We just published a short correspondence in Nature about the scientific consequences of academic language ruling in Spain.
Chris Watson (PhD candidate), Zahida Sultanova (PhD candidate), and Ana Hidalgo (lab manager/technician) join our lab, welcome!
Is the inevitable really inevitable? Why are we doomed to age and die of old (if you’re lucky enough to survive everyday hazards, that is)? Check out my last divulgation piece on Mètode popular science magazine about why we age, featuring an ageless clam and a minute 8-legged super organism, could it be more enticing?
As it turns out, aphids of the species Paracletus cimiciformis come in asexually reproducing twin clonal forms during their radiculous (i.e. root-dwelling) phase. Aphids in general, and this species in particular, have highly complex life cycles (read Ed Young’s hilarious piece in National Geographic about this), and it is in this particular phase when aphids interact with their tending ant, Tetramorium semilaeve. The first of this twin morphs (a greenish morph) chimes well with ants, with whom they trade honeydew for their protection and cleaning services. The second twin morph, though, is as whitish as is devilish. Instead of engaging in this archetypical ant-aphid mutualistic relationship, it mimics ant larvas’ scent to deceive ants into carrying back into their nest, as if they were a stranded larvae. There, they will find refuge from the harshness of winter and feast on ant larva with their stylet, much like a vampire in disguise! This is not only the first known case of aggressive mimicry in aphids, but a fascinating example of plastic aggressive mimicry in that the white and green morphs are clonal copies, and are able to give rise to each other via parthenogenesis; a true case of Dr. Jekyll and Mr. Hyde indeed! Adrian Salazar, the leading author of this paper, has spent almost three years of his PhD studying the relationship between these aphids and their ant hosts in detail, and all that hard work is finally beginning to pay off! Well done Adrian! Stay tuned for the next chapters of this amazing story. In the meanwhile, you can also read about it in New Scientist.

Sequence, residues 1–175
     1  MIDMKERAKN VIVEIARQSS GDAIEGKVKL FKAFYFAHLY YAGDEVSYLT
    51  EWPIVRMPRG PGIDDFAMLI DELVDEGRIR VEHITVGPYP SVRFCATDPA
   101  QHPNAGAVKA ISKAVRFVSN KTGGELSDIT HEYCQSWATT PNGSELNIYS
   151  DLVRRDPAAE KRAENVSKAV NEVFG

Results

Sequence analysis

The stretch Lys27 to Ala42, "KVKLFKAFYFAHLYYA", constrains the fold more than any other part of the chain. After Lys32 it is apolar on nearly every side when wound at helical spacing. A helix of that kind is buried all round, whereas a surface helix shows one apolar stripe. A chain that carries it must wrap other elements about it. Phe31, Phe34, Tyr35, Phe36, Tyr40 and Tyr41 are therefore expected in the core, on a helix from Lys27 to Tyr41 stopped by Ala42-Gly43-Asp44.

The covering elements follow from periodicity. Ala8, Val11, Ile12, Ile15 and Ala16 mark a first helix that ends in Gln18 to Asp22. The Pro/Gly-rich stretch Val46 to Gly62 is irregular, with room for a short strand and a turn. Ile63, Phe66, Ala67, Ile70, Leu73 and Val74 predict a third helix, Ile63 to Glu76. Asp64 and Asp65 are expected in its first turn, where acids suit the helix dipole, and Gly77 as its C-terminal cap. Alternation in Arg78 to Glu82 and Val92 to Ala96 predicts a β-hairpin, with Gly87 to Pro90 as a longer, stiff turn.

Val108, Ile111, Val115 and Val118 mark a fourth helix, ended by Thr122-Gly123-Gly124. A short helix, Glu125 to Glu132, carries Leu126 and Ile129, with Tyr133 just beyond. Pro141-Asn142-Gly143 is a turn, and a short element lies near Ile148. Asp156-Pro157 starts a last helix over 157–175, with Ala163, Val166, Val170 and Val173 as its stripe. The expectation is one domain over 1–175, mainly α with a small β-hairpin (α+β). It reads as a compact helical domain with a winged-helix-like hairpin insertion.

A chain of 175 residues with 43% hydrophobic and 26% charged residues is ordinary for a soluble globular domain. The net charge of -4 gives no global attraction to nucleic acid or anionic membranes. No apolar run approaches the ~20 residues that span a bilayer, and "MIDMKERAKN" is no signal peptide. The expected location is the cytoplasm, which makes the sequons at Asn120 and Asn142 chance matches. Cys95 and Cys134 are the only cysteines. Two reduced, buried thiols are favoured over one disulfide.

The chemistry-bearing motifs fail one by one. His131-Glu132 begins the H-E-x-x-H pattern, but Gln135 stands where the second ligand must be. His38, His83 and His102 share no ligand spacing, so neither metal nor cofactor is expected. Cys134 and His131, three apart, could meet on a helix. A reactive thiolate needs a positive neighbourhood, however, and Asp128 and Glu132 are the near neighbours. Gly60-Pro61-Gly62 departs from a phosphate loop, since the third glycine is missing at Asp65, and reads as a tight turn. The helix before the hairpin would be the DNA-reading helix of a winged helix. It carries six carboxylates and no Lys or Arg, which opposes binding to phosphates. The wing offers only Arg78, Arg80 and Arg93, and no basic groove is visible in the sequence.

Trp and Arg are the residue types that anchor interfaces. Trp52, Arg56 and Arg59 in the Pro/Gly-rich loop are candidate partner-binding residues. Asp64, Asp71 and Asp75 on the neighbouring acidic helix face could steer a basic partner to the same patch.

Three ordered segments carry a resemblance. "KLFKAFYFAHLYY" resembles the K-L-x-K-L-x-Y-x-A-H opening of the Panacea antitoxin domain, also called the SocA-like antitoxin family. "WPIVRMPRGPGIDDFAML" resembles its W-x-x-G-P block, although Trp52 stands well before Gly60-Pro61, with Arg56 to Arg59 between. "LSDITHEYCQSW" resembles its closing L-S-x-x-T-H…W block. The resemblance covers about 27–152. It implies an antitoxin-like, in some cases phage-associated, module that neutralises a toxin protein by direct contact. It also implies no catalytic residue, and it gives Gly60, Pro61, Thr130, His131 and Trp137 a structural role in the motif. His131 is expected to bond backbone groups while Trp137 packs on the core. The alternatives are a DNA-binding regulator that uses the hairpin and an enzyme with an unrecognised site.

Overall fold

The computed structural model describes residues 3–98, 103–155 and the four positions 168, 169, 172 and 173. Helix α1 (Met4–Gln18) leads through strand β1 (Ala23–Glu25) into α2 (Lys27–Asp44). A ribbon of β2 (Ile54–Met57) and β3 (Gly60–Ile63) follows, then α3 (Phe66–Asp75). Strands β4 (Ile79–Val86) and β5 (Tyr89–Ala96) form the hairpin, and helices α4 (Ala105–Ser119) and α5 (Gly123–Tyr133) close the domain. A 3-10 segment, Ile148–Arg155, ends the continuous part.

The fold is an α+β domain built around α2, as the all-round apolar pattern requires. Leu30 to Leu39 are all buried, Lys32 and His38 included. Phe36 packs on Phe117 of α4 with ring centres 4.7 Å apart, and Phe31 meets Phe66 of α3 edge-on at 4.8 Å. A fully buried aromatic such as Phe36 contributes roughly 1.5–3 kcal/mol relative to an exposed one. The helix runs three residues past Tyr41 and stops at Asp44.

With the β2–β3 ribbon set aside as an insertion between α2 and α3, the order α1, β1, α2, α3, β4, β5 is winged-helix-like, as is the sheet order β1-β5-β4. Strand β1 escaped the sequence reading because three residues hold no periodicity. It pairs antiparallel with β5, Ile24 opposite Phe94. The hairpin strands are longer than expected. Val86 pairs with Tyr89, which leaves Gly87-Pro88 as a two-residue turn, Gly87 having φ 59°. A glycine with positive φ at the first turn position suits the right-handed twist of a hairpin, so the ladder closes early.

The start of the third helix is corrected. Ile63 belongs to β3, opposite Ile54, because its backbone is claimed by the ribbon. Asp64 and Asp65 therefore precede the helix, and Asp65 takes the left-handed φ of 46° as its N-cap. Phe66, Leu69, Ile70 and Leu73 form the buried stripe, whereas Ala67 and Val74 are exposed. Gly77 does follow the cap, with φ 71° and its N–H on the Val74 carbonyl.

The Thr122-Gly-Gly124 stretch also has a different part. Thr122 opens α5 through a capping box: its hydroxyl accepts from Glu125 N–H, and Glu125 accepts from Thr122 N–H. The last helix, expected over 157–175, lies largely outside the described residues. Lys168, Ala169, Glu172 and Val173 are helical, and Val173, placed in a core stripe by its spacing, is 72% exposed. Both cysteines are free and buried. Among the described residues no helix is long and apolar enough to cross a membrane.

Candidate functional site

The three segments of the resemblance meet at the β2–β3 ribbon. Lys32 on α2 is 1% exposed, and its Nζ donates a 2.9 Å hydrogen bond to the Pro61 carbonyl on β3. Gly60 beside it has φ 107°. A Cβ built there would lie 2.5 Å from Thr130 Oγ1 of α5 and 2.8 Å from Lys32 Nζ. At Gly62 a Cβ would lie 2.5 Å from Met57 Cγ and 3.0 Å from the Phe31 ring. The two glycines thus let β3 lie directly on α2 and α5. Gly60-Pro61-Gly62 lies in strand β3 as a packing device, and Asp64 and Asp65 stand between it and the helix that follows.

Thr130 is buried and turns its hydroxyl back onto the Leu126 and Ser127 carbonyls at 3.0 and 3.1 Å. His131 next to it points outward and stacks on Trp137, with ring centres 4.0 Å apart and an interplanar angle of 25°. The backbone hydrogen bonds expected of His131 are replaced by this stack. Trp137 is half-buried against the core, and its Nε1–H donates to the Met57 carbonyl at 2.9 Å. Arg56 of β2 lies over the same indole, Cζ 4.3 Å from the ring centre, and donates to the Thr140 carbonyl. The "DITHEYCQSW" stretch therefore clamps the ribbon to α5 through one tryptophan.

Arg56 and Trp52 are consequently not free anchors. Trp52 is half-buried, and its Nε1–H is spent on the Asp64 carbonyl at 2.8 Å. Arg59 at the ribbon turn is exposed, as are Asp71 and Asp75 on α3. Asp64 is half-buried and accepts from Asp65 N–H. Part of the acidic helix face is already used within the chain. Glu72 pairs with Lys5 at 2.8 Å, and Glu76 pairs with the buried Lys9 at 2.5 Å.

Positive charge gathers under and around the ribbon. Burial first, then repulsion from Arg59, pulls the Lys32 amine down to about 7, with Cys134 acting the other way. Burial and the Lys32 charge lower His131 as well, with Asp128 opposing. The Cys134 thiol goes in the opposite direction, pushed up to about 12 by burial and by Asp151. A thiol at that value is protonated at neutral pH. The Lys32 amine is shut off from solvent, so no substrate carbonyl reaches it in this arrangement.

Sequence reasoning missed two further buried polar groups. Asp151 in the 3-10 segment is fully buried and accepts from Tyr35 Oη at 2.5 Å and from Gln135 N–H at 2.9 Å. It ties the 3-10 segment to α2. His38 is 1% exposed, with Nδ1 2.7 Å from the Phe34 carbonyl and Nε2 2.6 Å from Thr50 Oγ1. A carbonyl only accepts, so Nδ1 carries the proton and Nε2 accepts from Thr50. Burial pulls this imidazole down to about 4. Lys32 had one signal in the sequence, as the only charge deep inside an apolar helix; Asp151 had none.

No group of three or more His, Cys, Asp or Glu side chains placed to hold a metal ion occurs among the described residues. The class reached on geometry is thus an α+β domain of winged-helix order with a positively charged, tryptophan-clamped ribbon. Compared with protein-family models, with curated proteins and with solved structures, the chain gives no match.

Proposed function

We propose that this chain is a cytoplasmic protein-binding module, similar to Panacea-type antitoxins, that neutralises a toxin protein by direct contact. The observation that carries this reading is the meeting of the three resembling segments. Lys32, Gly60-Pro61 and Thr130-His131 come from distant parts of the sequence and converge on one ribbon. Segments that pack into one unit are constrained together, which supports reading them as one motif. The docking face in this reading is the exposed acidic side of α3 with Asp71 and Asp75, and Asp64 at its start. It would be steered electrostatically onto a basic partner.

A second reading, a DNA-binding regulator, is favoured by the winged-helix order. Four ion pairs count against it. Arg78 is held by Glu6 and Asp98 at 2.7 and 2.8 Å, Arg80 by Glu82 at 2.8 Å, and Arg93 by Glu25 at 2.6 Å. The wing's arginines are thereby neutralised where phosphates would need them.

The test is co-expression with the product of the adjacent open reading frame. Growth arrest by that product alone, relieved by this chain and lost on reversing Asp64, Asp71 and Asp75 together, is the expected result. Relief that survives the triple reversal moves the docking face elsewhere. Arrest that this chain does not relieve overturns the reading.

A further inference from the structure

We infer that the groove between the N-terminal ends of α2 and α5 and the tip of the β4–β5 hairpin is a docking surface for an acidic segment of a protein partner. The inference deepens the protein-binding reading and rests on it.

A new divulgation short article about the evolutionary battle of the sexes has just been published in Mètode.
In collaboration with Ester Desfilis, I have recently quick started ‘Mind your Nature’, a new popular science section in Mètode, an award-winning Spanish Divulgation Magazine. The section will delve into the wonders of Animal Behaviour and explore how its study can help us understand human nature. In our first article, we present the section and outline its aims. Click here if you care to read about ‘The science of king Solomon’s ring’, and don’t forget to Mind your Nature!
Check out our recent ProcB paper on the effects of sex and personality traits on spatial learning in Eulamprus quoyii, an Australian skink.
Understanding individual differences in learning is a major challenge. We addressed the possibility that spatial learning ability is associated with personality traits, such as boldness, in males/females of the Easter Water Skink (Eulamprus quoyii). We show, for the first time in reptiles, that males are better spatial learners than females, which we suggest reflects their different social roles. Furthermore we show that, across the sexes, the boldest and shyest individuals were overall better learners than intermediate individuals. We argue this may reflect the importance of spatial learning in individuals adopting extreme alternative territorial (bold individuals) or sneaker (shy individuals) tactics.
For a more detailed account of this, visit Martin Whiting’s The Lizard Lab post here.